During Marty and Rena’s conversation, Olivia finds herself staring at the man, convinced they have met before. She just cannot remember where. Marty also cast several glances in Olivia’s direction trying to figure out why she looks so familiar. His memory fails him.

As the story unfolds, Marty Knight will not only become a good friend and ‘grandfather’ to Rena, he will play a pivotal role in Olivia Chandler sorting out her past…and navigating her future.

  • Martin Eugene Knight
  • Age: 71
  • Retiree, Veteran, and Hospital Volunteer
  • DOB: October 31, 1943
  • Born in Kenosha, Wisconsin
  • Marital Status: Widower. Wife, Sarah, passed away three years ago after a difficult battle with liver cancer.
  • Sarah died two weeks after their 50th wedding anniversary.
  • Has five children and eleven grandchildren.
  • A veteran of the Vietnam War. Entered the war near its beginning and served four years.
  • Received a Purple Heart and Medal Honor.
  • Enjoys building miniatures, fly fishing, and watching westerns.
  • Carries a keychain with a picture of his wife on one side, and a picture of his dog on the other. His dog passed away two months after his wife, at the age of 16. Sarah named the dog Dwight because she was convinced he looked like Dwight D Eisenhower.

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©2016 Felicia Denise, All Rights Reserved

Courtney and Marissa Bellamy – In The Best Interest of the Child – Character Profile


As best friends to Duncan Averest and his late wife, Irene, Courtney and Marissa Bellamy knew they would stand by Duncan. Whatever it took to help him through the loss of his wife and the serious injuries sustained by him and daughter, Rena, the Bellamys would do. And, as Rena’s godparents, of course she would live with them until her father was well enough to take care of her. They took their vows as godparents very seriously. But someone is trying to stop them. Someone is trying to keep them away from Duncan and make sure Rena gets sent into the foster care system.

Court-appointed child advocate attorney Olivia Chandler is the answer to their prayers. They’re moved by her genuineness and promise to “do right by Rena.” There is an immediate bond between the attorney and her young client, and Marissa cannot help but wonder if it has more to do with the flashes of sadness she sees in Olivia’s eyes than with simple job commitment.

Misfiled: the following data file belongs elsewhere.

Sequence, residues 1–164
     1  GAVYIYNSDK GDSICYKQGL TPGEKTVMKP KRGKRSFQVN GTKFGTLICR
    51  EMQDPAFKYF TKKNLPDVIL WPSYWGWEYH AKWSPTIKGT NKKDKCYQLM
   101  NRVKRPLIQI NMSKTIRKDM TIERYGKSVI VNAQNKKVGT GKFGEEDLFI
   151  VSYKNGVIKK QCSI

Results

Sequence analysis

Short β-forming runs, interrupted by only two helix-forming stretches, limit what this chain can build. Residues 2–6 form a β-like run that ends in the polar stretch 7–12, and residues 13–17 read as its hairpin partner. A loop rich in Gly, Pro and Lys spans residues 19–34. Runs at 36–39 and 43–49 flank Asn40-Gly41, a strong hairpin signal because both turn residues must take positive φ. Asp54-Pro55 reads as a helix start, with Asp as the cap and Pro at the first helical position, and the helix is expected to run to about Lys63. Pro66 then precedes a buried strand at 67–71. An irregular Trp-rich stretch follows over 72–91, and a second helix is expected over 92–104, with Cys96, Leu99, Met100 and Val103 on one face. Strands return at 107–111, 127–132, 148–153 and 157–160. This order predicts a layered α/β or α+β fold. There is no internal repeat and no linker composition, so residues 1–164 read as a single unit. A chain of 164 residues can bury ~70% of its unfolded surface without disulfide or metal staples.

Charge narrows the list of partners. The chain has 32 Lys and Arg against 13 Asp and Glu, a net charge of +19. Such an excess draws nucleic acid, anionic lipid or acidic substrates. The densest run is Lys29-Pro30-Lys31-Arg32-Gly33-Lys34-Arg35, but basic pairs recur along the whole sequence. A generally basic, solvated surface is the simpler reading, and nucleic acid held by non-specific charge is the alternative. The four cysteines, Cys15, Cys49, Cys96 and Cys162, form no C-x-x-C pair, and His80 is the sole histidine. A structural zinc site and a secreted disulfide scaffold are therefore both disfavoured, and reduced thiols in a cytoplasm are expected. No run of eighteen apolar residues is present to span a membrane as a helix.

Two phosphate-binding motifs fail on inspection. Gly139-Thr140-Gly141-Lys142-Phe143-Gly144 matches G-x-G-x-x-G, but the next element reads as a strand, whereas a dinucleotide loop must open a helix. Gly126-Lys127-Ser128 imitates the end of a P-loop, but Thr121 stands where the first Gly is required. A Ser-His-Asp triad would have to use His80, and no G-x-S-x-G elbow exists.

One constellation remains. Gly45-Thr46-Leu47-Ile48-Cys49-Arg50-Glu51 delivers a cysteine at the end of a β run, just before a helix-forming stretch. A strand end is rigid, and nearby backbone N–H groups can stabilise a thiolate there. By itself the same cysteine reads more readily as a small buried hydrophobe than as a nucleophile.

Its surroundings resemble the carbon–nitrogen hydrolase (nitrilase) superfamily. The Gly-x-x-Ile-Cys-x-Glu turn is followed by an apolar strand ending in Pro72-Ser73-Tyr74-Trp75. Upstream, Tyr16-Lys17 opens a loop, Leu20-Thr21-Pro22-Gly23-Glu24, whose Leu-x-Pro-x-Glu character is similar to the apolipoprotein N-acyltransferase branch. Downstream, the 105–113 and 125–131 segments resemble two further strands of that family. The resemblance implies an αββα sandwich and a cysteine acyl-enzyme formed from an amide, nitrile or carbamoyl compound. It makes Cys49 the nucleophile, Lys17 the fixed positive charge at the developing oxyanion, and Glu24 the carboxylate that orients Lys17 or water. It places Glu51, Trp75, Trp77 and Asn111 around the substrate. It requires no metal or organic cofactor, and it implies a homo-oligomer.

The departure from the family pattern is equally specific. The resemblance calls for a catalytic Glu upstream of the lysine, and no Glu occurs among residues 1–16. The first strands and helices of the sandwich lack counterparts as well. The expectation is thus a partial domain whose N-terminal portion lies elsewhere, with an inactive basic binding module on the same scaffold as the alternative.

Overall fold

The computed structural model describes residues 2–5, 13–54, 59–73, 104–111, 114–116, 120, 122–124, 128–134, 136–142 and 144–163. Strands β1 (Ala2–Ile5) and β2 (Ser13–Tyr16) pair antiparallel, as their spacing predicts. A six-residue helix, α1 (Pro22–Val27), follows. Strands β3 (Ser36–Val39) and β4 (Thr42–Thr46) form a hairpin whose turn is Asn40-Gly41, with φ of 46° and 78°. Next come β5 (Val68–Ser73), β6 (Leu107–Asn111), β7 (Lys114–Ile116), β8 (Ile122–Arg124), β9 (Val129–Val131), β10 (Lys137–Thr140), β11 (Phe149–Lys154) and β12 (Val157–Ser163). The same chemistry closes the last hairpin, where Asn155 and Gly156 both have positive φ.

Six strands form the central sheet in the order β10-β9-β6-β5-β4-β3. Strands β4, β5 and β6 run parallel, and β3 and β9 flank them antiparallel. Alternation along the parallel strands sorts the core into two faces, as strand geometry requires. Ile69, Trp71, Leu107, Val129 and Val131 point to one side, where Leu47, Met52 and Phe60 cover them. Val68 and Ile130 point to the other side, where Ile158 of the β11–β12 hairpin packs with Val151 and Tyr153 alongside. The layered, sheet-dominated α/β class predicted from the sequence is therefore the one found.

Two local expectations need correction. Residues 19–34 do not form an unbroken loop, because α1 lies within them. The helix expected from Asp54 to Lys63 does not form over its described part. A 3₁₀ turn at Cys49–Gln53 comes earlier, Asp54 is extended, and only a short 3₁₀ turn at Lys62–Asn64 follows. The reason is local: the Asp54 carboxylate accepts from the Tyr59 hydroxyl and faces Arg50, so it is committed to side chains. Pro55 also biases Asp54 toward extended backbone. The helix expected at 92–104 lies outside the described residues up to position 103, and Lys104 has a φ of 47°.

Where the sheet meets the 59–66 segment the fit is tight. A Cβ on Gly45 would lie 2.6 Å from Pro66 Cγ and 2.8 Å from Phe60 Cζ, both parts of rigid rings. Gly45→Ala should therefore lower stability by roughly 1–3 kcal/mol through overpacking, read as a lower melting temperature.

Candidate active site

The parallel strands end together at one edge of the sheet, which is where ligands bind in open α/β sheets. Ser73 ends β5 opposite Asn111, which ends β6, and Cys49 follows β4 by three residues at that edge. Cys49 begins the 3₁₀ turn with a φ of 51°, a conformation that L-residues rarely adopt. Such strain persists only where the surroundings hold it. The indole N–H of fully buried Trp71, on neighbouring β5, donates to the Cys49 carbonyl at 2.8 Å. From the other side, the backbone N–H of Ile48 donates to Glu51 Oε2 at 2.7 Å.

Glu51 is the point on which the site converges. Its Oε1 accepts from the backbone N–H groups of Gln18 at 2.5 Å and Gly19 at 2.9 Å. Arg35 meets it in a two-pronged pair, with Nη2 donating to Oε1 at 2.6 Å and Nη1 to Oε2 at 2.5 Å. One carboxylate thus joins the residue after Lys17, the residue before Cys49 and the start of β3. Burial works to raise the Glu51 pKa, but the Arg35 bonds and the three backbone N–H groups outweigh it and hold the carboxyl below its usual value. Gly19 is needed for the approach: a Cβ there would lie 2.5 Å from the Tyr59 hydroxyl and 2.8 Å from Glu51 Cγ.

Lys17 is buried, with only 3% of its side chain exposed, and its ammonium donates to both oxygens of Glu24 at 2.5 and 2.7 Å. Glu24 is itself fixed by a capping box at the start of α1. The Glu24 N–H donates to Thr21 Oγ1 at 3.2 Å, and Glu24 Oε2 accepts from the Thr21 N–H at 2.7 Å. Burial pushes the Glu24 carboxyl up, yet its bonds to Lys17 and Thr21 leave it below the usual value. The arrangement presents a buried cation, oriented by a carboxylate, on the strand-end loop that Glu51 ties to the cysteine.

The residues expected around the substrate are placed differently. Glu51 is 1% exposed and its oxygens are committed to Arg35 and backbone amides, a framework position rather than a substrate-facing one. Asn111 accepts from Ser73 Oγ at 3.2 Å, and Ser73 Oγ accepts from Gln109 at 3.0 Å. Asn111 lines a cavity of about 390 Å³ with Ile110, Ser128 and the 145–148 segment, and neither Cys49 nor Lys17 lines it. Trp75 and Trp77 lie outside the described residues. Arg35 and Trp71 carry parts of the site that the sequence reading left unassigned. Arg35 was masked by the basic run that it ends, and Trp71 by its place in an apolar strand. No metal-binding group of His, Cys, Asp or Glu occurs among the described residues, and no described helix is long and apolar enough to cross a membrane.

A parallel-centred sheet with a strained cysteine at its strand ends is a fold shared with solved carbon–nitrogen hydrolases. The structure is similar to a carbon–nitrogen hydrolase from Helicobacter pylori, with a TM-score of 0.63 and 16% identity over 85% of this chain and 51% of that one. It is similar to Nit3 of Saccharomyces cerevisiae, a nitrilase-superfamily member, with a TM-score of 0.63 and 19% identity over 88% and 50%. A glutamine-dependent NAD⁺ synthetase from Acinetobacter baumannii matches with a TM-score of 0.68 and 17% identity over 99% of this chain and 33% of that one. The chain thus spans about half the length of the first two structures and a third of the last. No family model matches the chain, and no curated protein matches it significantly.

The instant interest in Olivia by his cousin, Bruce, hasn’t been lost on Courtney. Abandoned by his ex-wife when their children were mere toddlers, Bruce hasn’t shown little more than a passing, casual interest in any woman since. Olivia will be spending quite a bit of time with the Bellamy family in the near future, and Courtney thinks it’s just enough time to do a bit of matchmaking. And, where you find Courtney…you find Marissa.

Let the games begin!

Courtney Ardan and Marissa Anne (Monroe) Bellamy

Met in Botany 101 during their freshman year of college

Married November 30, 1996

Two sons – Bishop, 18 and Brian, 16

Courtney works in IT/Computer Systems for the local school district, Marissa is head of Library Sciences for Hennepin County Public Libraries

Courtney (Caucasian) and Marissa (African-American) are an Interracial couple who haven’t suffered much of the disdain shown to interracial couples by some of society due to their steadfast commitment to each other and the love and total support of their families.

Bruce Bellamy – In The Best Interest of the Child – Character Profile


A former amateur race car driver, and current owner of a successful chain of auto repair shops, Bruce Bellamy is a cousin to Rena Averest’s current caregivers. He and Olivia meet for the first time when she gives Rena a ride home from physical therapy, and he is there trying to diagnose the problem with his cousin’s car.

Bruce is instantly smitten with the attorney. Her voluptuous body pulls him right in, but it’s the guarded sadness in her eyes that propels him to get to know her. She has a beautiful smile, and he thinks she should use it more often.

The easy going business owner has been alone for nearly two decades, when his ex-wife walked away from him and their four children in search of a more affluent lifestyle. Her callous, mercenary heart caused him to close his off, and he’s not been in a relationship since, nor had any involvement with women worth mentioning, choosing instead to concentrate on raising his children and making his business successful. So when Olivia gets his attention, the entire Bellamy clan takes notice, and proceeds to help him win her over.

Having spent her adult life avoiding romantic entanglements, Olivia knows she’s walking a tight rope by allowing Bruce to get too close. Rena’s case has brought Olivia’s childhood back to the forefront of her mind, making her believe she has nothing to offer Bruce.

He seems to think otherwise.

Bruce Ambrose Bellamy
Age: 42
DOB: June 28, 1972
Place of Birth: Duluth, Minnesota
Has four (adult) children
Owns a chain of successful auto repair shops
Loves ‘I Love Lucy’ and ‘Married with Children’ reruns
Has a BA and MA in Business earned while attending night, and online classes
Hates golfs and considers it pointless
Loves football and is a diehard Minnesota Vikings Fan

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Fiction with a Touch of Truth and a Lot of Love

Free, a Novella full cover